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In re Wellbutrin XL Antitrust Litigation

July 30, 2009


The opinion of the court was delivered by: McLaughlin, J.


The plaintiffs are a group of indirect purchasers of Wellbutrin XL, a once-a-day antidepressant, who are suing the producers of Wellbutrin XL, Biovail Corp., Biovail Laboratories, Biovail Laboratories International (together, "Biovail"), and its distributors, SmithKline Beecham Corp. and GlaxoSmithKline PLC (together, "GSK"), for illegally conspiring to prevent generic versions of Wellbutrin XL, or buproprion hydrochloride, from entering the American market for that drug.

Plumbers and Pipefitters Local 572 Health and Welfare Fund ("Local 572"), IBEW-NECA Local 505 Health and Welfare Plan ("Local 505"), Painters District Council No. 30 Health and Welfare Fund ("D&C 30"), Mechanical Contractors-United Association Local 119 Health and Welfare Plan ("Local 119"), and Bricklayers and Masons Union Local Union No. 5 Ohio Health and Welfare Fund (Local Union No. 5) are trust funds acting as "employee welfare benefit plans" and "employee benefit plans." These plaintiffs bring suit on the basis of their reimbursement of their members' purchases of Wellbutrin XL.

The plaintiffs themselves are located in Alabama, Illinois, Tennessee and Ohio. The plaintiffs allege to have members whom they reimbursed for purchases of Wellbutrin XL residing in Alabama, California, Florida, Illinois, Indiana, Nevada, New Jersey, New York, Ohio, Pennsylvania, Tennessee, Texas and Wisconsin. The plaintiffs seek to represent an "end payor" class comprised of other purchasers of Wellbutrin XL throughout the country.

The plaintiffs' amended complaint includes three counts, each alleging violations of several separate state laws. The first count alleges a violation of state antitrust laws on the basis of alleged monopolization of the American market for buproprion hydrochloride.*fn1 The second count alleges violations of certain states' consumer protection laws.*fn2 The third count is a claim for unjust enrichment that references the law of no particular jurisdiction.

Biovail and GSK submitted separate motions to dismiss the amended complaint.*fn3 First, the defendants argue that the plaintiffs fail to allege an injury that would provide for standing under the majority of the state laws on which the plaintiffs rely. The defendants contend that the plaintiffs have standing to sue only under the laws of the states where the plaintiffs themselves are located. Second, the defendants argue that the plaintiffs have failed to state claims under the statutes of the various states referenced in counts one and two. Third, the defendants attack the plaintiffs' claim of unjust enrichment in count three. With respect to count three, Biovail argues that the failure to refer to the law of any particular jurisdiction is fatal to the plaintiffs' effort to state a claim. GSK echos the Biovail argument and also argues that count three is an impermissible repackaging of the claims in counts one and two and that the plaintiffs' unjust enrichment claim is barred under the laws of the plaintiffs' home states.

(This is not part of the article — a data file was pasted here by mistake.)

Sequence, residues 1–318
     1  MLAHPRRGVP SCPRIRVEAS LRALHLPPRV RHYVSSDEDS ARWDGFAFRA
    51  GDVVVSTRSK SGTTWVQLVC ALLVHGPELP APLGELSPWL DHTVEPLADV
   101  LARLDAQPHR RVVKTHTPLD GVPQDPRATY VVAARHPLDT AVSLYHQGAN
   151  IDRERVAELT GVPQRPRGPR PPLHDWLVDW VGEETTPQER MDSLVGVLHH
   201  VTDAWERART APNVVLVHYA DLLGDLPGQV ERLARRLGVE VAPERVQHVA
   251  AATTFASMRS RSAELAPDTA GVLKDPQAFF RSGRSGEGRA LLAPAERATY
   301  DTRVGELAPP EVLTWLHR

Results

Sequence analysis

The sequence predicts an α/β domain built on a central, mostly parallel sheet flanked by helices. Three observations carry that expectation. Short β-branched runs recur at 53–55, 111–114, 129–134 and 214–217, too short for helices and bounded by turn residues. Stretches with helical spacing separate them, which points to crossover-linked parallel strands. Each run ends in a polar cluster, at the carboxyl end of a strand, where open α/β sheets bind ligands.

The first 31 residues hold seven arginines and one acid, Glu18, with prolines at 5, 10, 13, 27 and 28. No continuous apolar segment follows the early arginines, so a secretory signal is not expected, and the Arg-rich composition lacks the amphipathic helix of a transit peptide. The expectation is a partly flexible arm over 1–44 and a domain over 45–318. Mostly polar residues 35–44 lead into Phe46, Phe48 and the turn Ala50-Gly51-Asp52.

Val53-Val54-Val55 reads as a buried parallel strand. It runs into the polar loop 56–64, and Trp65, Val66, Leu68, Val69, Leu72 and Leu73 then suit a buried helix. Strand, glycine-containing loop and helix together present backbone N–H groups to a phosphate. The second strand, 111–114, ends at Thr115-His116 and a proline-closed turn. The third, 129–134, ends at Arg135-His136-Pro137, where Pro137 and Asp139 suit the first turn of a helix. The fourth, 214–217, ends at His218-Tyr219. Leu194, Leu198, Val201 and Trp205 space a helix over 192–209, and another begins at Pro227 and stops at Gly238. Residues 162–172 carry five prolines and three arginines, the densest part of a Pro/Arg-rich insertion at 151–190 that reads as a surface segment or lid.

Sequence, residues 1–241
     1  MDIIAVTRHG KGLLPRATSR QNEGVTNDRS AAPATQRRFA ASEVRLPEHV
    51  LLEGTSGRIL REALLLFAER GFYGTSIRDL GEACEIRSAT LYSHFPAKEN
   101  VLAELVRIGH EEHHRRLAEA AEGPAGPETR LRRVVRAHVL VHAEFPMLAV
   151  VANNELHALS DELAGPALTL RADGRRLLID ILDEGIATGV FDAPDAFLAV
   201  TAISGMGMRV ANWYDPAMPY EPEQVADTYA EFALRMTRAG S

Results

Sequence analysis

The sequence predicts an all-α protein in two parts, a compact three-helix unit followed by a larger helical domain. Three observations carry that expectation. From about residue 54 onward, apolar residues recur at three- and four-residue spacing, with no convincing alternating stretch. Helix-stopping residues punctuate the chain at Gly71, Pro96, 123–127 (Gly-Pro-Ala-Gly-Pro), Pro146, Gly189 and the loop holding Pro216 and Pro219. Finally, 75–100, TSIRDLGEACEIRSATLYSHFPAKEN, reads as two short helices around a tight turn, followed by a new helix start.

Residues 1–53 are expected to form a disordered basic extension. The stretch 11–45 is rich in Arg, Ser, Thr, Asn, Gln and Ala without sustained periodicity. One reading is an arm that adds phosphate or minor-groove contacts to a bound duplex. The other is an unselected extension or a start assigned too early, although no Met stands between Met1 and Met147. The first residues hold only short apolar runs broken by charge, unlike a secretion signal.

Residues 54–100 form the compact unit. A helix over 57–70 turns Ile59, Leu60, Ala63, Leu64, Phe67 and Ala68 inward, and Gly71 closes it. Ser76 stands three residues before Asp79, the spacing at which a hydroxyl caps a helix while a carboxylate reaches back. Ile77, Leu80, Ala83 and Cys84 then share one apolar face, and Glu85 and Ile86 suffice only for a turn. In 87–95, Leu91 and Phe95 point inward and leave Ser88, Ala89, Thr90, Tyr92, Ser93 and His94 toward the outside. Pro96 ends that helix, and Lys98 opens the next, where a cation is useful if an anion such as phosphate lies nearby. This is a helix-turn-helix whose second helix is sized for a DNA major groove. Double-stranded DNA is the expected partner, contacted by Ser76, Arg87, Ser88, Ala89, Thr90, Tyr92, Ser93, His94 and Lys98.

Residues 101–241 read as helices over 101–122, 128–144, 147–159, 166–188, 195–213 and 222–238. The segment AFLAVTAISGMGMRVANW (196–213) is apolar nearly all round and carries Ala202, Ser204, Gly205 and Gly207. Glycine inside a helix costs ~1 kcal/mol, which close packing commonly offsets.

The plaintiffs argue first that they have standing under Article III of the Constitution to assert claims under each statute referenced in the amended complaint. Opp'n at 13. They assert that they have been injured, that the defendants caused the injury and that their injury will be redressed by a judgment in their favor. They argue that this general assertion is sufficient for a threshold showing of Article III standing.

Next, the plaintiffs argue that, if a standing determination must be made with respect to each state referenced in the amended complaint, and if such a determination is ripe for decision, then they have standing to assert claims under the laws of those states where they are located and where their members made purchases of Wellbutrin XL. Opp'n at 15-18. However, the plaintiffs also argue that it would be premature for the Court to make a determination as to their ability to bring suit under the laws of those states where neither they nor their members reside. They argue that such a determination is appropriately handled in the class certification context.

Finally, presuming that they have standing to bring each claim, the plaintiffs argue that should survive a motion under Rule 12(b)(6) for failure to state a claim. The plaintiffs argue that they have adequately stated claims under the laws of the states referenced in counts one and two, as well as in their unjust enrichment claim in count three.

The Court holds that it must make a determination of the plaintiffs' standing to assert each claim of the amended complaint at this stage of the litigation. The plaintiffs' argument that they have general Article III standing is insufficient to establish standing with respect to particular claims. The Court finds that the plaintiffs have standing to assert claims only under the laws of those states where the plaintiffs are located or their members reside. The Court will dismiss those claims arising under all other states.

The remaining claims arise under the laws of California, Florida, Illinois, Ohio, Nevada, New York, Tennessee, and Wisconsin. The Court will grant the defendants' motions to dismiss parts of counts one and two for failure to state a claim. The Court will dismiss claims arising under the antitrust law of Florida, and claims arising under the consumer protection laws of Illinois, Nevada, New York and Ohio. The plaintiffs have conceded their claims under the laws of Pennsylvania and Texas. Opp'n at 47 n.31.

Finally, because the plaintiffs' third count for unjust enrichment refers to no law or jurisdiction, the Court will dismiss the plaintiffs' claims under that count.

I. Legal Background

Certain provisions of federal law relating to the procedures for approving new drugs are at the center of the plaintiffs' allegations. The plaintiffs claim that Biovail and GSK abused provisions of the Food, Drug and Cosmetic Act, 21 U.S.C. §§ 301-392 ("FDCA"), for the purpose of delaying the marketing of generic versions of their drug Wellbutrin XL.